Sample business use cases

Use case #1

Use case #2

Business use case: Making company announcements

Current challenge

  • It’s hard to learn about important updates from multiple teams
  • Email distribution lists are used for too many types of communication and inboxes fill up quickly

Objective

  • Increase transparency across multiple teams
  • Let people opt-in to announcements that are most relevant to them

Slack features that can help

  • Star important channels
  • Customize notifications (e.g. use highlight words)
  • Quote a message
  • Link to relevant channels, messages, and files

Slack workspace behaviors

  • Establish must-read announcement channels
  • Keep important channels clear of unnecessary chatter
  • Keep channels focused and on-topic

Success criteria

  • 75% or more report Slack has helped them feel more connected
  • 50% or more report increased transparency
  • 20% or more report they’ve noticed a decrease in internal emails

Business use case: Asking for feedback

Current challenge

  • Asking for feedback from a group via email is not an efficient process

Objective

  • Collect feedback efficiently from direct and indirect teams
  • Increase transparency on key projects

Slack features that can help

  • Shared channels
  • Shared files
  • Custom notifications or @mentions
  • Message threads
  • Emoji reactions

Slack workspace behaviors

  • Ask for feedback openly in a public channel
  • Be concrete about timelines and set reminders in appropriate channels
  • Demonstrate courtesy for other teammates by using emoji reactions
  • Use posts to collect ideas and pin in a channel for easy reference

Success criteria

  • Members reported 20% or more in increased productivity
  • Members reported having 20% fewer meetings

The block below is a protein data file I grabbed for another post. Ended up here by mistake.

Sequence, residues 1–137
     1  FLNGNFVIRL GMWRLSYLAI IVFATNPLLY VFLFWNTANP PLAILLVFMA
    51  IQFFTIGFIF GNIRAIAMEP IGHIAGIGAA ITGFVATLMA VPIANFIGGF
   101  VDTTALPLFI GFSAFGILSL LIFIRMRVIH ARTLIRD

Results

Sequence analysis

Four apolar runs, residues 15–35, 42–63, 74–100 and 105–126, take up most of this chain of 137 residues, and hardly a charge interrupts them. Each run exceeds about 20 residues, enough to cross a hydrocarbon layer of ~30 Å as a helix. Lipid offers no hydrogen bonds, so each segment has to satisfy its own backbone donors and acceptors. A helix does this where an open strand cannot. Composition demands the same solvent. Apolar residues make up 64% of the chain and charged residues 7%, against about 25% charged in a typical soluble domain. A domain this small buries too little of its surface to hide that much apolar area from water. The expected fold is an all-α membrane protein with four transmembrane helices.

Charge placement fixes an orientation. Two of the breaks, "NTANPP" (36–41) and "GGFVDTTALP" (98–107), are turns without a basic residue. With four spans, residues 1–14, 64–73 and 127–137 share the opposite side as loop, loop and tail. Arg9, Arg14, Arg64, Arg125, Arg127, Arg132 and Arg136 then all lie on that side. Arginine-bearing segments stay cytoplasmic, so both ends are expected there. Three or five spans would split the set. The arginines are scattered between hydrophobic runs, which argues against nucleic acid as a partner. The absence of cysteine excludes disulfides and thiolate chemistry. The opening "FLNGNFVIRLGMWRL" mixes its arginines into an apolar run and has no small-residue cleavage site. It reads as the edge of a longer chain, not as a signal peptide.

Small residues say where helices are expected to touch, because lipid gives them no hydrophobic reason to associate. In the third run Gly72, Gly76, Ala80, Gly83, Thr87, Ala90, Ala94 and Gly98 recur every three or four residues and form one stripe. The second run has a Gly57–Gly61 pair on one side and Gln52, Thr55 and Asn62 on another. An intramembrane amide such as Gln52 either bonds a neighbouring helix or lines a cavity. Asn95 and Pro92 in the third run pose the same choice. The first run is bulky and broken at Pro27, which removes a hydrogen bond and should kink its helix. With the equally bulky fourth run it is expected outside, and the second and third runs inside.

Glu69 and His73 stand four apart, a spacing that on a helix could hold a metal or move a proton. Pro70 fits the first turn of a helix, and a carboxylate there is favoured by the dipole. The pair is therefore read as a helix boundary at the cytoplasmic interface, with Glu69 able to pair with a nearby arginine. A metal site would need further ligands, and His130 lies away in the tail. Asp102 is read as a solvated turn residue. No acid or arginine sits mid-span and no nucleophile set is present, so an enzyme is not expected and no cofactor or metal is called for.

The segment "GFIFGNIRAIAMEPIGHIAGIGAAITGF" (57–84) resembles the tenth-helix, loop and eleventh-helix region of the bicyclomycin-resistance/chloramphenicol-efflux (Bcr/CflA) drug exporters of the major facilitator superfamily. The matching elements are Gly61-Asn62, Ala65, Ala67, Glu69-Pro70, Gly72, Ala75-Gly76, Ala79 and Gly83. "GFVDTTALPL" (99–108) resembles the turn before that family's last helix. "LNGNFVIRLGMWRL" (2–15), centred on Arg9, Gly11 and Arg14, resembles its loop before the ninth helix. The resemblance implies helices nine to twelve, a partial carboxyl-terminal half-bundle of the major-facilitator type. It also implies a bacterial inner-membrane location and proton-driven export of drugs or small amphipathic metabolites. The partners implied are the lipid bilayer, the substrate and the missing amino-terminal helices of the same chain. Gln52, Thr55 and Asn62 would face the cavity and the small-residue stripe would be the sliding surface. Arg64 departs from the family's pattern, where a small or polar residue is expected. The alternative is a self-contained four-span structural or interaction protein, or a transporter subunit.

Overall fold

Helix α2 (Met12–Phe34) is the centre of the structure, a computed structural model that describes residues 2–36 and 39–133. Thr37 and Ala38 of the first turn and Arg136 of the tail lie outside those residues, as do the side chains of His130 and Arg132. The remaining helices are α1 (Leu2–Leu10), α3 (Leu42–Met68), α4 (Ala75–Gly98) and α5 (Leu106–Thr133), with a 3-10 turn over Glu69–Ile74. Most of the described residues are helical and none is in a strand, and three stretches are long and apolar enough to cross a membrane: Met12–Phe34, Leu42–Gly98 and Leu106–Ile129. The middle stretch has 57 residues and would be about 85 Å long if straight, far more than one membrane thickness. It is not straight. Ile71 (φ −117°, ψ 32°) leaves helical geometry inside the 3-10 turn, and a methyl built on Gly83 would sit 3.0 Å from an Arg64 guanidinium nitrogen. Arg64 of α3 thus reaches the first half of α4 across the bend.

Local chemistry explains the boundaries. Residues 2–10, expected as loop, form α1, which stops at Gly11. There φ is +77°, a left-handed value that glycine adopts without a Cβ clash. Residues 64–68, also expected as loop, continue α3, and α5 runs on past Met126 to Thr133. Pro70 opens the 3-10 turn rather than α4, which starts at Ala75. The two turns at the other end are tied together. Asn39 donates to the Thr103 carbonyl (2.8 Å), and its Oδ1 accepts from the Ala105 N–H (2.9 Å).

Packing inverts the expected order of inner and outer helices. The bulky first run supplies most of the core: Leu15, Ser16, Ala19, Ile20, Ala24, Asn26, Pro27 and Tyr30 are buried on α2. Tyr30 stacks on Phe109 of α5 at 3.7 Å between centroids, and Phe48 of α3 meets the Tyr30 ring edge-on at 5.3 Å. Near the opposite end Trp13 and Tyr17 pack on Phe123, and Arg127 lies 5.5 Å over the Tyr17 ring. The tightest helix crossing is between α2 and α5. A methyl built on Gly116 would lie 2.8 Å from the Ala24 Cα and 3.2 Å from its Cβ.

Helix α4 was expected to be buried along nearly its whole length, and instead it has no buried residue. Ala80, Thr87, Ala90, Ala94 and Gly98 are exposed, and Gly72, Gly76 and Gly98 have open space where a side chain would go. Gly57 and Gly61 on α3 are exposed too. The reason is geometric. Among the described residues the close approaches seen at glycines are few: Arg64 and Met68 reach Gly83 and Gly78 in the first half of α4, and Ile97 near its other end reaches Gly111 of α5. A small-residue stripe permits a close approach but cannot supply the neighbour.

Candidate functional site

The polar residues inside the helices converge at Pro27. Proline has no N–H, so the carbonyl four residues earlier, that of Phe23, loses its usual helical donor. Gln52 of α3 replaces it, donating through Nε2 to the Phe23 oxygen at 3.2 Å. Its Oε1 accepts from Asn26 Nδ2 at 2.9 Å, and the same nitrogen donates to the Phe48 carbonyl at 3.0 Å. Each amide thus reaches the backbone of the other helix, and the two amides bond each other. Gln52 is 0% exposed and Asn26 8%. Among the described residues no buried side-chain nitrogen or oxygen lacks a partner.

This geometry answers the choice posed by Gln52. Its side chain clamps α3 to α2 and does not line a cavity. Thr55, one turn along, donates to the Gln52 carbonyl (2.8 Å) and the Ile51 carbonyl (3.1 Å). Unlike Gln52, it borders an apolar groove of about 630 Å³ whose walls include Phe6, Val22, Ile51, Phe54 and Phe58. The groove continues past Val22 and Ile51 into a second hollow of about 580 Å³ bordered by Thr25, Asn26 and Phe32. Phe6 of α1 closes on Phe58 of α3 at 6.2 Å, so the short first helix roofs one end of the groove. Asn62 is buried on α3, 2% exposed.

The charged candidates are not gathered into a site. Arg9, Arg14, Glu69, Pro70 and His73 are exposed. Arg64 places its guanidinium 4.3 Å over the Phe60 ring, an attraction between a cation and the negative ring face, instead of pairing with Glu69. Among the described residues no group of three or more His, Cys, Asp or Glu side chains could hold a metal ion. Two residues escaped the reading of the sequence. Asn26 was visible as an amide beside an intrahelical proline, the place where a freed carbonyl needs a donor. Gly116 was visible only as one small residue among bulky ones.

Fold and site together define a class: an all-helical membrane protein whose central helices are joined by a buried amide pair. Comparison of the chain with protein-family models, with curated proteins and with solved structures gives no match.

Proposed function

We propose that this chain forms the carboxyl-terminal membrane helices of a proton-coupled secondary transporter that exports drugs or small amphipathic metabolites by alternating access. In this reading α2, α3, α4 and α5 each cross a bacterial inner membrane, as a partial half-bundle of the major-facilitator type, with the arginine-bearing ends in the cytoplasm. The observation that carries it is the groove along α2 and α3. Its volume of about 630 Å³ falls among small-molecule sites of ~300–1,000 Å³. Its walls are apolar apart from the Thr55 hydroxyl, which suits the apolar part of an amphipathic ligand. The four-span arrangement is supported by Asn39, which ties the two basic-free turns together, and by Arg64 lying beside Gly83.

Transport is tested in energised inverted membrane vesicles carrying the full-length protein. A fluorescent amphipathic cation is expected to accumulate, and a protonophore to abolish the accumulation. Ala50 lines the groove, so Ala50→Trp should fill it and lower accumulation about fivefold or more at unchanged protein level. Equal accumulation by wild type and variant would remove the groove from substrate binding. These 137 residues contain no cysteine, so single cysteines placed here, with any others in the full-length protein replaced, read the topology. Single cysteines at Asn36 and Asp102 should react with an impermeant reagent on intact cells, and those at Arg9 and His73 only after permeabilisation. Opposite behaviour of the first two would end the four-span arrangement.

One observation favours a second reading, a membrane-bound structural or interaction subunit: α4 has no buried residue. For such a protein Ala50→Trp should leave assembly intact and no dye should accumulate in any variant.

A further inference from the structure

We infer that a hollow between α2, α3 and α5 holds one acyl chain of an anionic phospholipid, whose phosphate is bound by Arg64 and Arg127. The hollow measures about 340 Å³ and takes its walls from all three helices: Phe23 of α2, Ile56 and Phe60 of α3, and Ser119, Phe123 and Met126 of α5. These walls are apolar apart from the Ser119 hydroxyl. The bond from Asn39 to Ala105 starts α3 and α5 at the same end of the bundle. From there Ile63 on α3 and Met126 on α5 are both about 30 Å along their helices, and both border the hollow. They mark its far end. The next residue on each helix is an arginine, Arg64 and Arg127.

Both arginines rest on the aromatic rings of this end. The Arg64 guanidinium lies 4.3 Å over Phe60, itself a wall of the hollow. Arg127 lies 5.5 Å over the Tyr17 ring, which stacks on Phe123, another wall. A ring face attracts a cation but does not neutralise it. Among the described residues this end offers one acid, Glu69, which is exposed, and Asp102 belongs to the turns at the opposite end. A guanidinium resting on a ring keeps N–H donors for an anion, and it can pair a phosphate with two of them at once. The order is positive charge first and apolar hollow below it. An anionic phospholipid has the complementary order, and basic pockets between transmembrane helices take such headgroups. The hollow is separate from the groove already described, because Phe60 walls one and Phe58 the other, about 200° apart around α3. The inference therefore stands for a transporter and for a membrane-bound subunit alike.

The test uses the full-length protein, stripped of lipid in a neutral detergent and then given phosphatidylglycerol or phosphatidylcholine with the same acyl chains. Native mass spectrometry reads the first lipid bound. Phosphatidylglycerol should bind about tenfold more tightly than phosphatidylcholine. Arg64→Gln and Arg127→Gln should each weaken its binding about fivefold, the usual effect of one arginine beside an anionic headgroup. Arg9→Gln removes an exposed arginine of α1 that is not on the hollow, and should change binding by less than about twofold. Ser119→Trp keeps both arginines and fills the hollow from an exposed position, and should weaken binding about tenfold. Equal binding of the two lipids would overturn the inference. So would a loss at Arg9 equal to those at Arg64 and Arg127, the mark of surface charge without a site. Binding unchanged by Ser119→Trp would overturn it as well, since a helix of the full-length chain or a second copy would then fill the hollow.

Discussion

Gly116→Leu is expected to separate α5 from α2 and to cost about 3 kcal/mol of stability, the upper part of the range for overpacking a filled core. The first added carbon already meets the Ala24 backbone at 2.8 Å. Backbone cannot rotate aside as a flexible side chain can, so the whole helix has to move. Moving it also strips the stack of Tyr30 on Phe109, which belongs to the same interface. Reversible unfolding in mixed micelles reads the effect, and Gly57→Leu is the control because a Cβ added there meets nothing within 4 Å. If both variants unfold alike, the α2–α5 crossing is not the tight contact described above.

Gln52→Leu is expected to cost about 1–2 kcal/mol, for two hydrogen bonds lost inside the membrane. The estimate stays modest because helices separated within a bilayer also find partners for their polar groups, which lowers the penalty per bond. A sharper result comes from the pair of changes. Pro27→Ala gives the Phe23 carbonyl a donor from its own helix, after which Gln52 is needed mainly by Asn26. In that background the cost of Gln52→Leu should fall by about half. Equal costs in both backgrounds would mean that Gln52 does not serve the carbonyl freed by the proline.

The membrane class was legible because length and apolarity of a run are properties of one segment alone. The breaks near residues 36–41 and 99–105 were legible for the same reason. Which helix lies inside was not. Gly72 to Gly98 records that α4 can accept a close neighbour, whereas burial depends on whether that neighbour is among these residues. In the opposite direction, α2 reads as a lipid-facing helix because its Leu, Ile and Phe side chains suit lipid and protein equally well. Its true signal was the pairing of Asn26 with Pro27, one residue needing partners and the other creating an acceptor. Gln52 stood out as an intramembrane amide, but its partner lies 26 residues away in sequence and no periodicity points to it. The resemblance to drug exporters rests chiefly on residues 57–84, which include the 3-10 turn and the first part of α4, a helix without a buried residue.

• Members reported having a better understanding of projects and progress in adjacent departments


4. Set up your workspace

Set up and manage your workspace's settings and preferences before launching Slack company-wide. A full menu of settings can be found on the Settings & Permissions page at my.slack.com/admin/settings

To help you get started, here are some settings that can set the stage for how your workspace operates. We've included some additional tips for guidance: 

Channels

Messages

Access

Apps

Choose who can create, archive, and manage membership for public and private channels on your workspace from the Channel Management section.
💡We recommend giving people the autonomy to create and archive channels, making Slack work for them in a more meaningful way.

💡We recommend letting all members create and manage public channels. It helps to express the value of communicating openly in public channels to promote transparency and contribute to your company's message archive.
From the Message and File Retention sections, you can set custom retention policies that align with your organization’s legal/compliance standards. For public and private channels, direct messages, and files, you’ll have some options around your retention preferences:

• Keep everything